Baghdad, for its part, may have designed its strategy around the inevitability of U.S. bombing. "By downgrading its missions all over the world and at the U.N., Iraq appears to have given up on diplomatic efforts to end sanctions," says Dowell. "They may be hoping that American bombs will destroy sanctions by boosting sympathy for the Iraqi people." Whatever the outcome, both sides appear to agree that the present impasse can't hold. Especially with an impeachment vote on President Clinton looming.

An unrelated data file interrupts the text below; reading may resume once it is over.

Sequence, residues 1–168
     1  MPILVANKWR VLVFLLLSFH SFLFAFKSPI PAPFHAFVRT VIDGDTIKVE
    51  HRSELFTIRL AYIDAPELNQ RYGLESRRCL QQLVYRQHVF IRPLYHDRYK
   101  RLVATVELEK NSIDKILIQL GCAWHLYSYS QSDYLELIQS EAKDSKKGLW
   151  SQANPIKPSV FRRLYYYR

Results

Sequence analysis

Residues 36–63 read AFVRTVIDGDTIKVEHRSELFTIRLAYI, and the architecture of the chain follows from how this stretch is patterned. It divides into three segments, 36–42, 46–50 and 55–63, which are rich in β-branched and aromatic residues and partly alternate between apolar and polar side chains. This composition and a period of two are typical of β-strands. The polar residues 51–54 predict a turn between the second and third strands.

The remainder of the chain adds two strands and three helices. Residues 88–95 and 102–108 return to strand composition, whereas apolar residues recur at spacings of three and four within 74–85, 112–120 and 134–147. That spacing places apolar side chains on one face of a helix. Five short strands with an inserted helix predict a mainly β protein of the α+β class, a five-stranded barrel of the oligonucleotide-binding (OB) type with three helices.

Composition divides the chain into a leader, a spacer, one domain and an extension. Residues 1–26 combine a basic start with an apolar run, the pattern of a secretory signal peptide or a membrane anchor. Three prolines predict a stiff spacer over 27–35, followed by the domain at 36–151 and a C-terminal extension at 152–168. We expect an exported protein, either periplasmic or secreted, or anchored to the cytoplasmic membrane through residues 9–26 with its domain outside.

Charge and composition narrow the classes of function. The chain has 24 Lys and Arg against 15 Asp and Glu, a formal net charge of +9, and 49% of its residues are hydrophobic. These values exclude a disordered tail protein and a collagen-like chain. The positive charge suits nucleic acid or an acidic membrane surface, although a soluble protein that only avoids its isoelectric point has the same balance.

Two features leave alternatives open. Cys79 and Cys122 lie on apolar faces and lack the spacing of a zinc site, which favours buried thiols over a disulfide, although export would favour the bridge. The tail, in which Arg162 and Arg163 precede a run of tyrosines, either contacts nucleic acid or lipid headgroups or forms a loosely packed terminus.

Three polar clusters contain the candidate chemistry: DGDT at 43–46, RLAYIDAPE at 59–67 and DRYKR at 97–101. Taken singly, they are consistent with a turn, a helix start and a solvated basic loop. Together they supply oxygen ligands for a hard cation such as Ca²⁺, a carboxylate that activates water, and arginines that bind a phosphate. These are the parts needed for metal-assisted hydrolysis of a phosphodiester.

U.N. arms inspectors barged into Saddam Hussein's party headquarters in Baghdad Wednesday, signaling Washington's intent to turn up the heat on Iraq. But once again, the endgame remains elusive. The Iraqis may have sparked a new crisis by blocked access after the U.N. team refused to provide a list of desired items. "Inspections have previously been only undertaken with probable cause and there's some precedent for the Iraqis asking for an explanation," says TIME U.N. correspondent William Dowell. "It looks like Washington wants to push things toward a new confrontation, but the U.S. still lacks an answer to what would come after bombs."